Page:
Finding Phenomena: Once there was a swamp…

Finding Phenomena In Your Backyard

kids exploring swamp phenomena

Phenomenal Things Happen Every Day

Finding phenomena can seem like a really hard thing when you’re searing for that “perfect for these standards!” event. Identifying phenomena is actually a skill that we really need to train our mind for, and if we are only doing it when it comes time to unit plan… it may be a long learning curve. I’ve noticed that the more I work with phenomena, the more I notice it. And while at first it requires some intentionality to identify these “things that happen,” over time, it becomes more second-nature and you start to see the inspiration everywhere.

Phenomena In Your Backyard

I love my woods-walks. When I can manage to go alone, (trust me!) I do — but I also enjoy taking these walks with my own kids. We are so lucky to have quick access to some great trails just down the road, so sometimes I’ll even take them there for a quick walk before my work day begins.

While walking in these woods a while back, I noticed “The Swamp” I remembered as a child was now overgrown with grasses and small bushes. I mentioned to my daughter that this used to be a swamp. Like any curious kid, she wondered what happened?

At this point, I actually made the mistake of… you know, explaining. And I totally lost her. In hindsight, I wish I had responded, “What do you think?” And maybe, “What do you notice over there? What do you think happened?”

I’ve gotten pretty quick on generating ideas for phenomena over the years, but the experience was a good reminder that there’s always work to do. Even though I know what I’m supposed to do, those habits of “teaching as telling” are pretty hard-wired into me all the same. It takes some real intentionality to make these changes… and when I’m not paying attention to my “teaching practice” (like when I’m just having conversations with my own kids!), some of those “old habits” tend to make their way to the surface.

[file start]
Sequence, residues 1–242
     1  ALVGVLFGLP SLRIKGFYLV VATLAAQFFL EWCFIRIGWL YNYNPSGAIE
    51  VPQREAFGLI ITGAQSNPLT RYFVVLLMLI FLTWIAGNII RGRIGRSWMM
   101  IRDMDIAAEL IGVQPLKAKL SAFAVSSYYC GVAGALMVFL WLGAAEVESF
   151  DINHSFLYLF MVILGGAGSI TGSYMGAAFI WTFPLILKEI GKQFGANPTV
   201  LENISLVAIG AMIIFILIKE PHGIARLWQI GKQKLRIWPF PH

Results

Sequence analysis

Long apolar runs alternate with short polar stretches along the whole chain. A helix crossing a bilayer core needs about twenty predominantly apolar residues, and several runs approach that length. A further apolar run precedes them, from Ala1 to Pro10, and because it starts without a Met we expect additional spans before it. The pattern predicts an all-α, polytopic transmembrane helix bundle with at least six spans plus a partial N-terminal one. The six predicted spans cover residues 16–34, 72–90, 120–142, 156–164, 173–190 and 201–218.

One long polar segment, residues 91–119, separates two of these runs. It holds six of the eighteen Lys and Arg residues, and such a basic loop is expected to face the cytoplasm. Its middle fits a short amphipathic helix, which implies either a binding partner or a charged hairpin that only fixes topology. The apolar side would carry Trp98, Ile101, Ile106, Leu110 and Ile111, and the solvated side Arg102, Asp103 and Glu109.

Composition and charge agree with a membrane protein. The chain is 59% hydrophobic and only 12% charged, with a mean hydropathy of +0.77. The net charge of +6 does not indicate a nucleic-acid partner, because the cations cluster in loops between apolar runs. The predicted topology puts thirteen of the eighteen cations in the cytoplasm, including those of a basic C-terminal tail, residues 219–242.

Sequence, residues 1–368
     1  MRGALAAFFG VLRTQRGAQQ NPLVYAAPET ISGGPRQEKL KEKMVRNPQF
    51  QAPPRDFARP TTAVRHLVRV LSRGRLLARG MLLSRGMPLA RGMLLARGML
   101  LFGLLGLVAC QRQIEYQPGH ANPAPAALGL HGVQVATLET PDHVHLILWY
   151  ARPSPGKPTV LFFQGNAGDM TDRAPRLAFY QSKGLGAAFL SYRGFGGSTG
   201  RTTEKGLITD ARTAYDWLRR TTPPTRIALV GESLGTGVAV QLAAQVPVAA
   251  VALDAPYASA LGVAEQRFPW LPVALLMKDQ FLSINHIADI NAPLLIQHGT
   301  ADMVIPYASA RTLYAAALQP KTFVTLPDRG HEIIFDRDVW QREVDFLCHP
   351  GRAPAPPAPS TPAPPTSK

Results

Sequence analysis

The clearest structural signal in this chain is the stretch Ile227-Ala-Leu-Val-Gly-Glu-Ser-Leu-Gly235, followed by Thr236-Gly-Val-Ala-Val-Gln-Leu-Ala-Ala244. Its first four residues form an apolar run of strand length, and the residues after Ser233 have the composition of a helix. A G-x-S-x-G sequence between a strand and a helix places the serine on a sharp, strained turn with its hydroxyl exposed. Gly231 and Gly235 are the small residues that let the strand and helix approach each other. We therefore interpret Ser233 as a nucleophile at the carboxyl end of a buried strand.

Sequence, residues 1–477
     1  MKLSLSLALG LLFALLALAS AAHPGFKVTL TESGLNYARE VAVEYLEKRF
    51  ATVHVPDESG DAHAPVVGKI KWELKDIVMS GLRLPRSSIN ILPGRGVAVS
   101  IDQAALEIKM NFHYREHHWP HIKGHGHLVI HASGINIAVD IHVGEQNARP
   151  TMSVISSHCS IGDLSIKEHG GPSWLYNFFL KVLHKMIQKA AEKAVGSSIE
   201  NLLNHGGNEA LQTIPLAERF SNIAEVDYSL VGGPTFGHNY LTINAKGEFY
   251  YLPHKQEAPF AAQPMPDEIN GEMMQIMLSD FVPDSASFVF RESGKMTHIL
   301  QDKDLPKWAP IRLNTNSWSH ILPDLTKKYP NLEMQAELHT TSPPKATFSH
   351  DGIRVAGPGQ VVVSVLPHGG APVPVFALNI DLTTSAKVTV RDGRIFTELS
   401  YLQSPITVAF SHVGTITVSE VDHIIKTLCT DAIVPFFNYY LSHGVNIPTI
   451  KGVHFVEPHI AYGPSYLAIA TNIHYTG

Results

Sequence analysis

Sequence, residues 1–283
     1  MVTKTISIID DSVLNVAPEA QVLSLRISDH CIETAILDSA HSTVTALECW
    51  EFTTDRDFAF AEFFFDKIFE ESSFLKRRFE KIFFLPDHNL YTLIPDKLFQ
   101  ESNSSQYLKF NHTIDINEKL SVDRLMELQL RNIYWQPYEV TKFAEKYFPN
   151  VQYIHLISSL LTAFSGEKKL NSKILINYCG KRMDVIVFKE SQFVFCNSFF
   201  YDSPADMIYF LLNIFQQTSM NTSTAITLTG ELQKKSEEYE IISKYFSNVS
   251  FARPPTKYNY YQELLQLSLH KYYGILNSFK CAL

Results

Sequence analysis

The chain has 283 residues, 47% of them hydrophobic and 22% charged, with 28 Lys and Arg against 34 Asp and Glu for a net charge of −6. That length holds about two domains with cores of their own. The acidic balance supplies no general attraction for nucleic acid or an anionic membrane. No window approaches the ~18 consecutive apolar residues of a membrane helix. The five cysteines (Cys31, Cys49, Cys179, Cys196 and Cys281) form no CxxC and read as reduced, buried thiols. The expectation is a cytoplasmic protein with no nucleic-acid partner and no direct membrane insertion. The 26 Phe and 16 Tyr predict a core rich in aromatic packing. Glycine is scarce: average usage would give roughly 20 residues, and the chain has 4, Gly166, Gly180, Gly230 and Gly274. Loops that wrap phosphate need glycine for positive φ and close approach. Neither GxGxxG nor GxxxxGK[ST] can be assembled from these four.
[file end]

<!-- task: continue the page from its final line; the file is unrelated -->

Possible Standard Connections

K-ESS3-1 Use a model to represent the relationship between the needs of different plants and animals (including humans) and the places they live.

3-LS4-4 Make a claim about the merit of a solution to a problem caused when the environment changes and the types of plants and animals that live there may change.*

5-LS2-1 Develop a model to describe the movement of matter among plants, animals, decomposers, and the environment.

MS-LS2-1 Analyze and interpret data to provide evidence for the effects of resource availability on organisms and populations of organisms in an ecosystem.

MS-LS2-4 Construct an argument supported by empirical evidence that changes to physical or biological components of an ecosystem affect populations.

HS-LS2-1 Use mathematical and/or computational representations to support explanations of factors that affect carrying capacity of ecosystems at different scales.

HS-LS2-2 Use mathematical representations to support and revise explanations based on evidence about factors affecting biodiversity and populations in ecosystems of different scales.

HS-ESS2-2 Analyze geoscience data to make the claim that one change to Earth’s surface can create feedbacks that cause changes to other Earth systems.


What Do You Think?

I’ve suggested a few ways to connect this phenomenon to the standards, but I’m sure there’s many more creative ways I’ve missed! How would you tie this phenomenon to your curriculum? Visit Spark Student Driven Learning on Facebook to share your best ideas.



Learn More

What Every Lesson MUST Start With And Why

Building Student-Driven Science Storylines From Phenomena

4 Ways To Engage Students With Phenomena During Distance Learning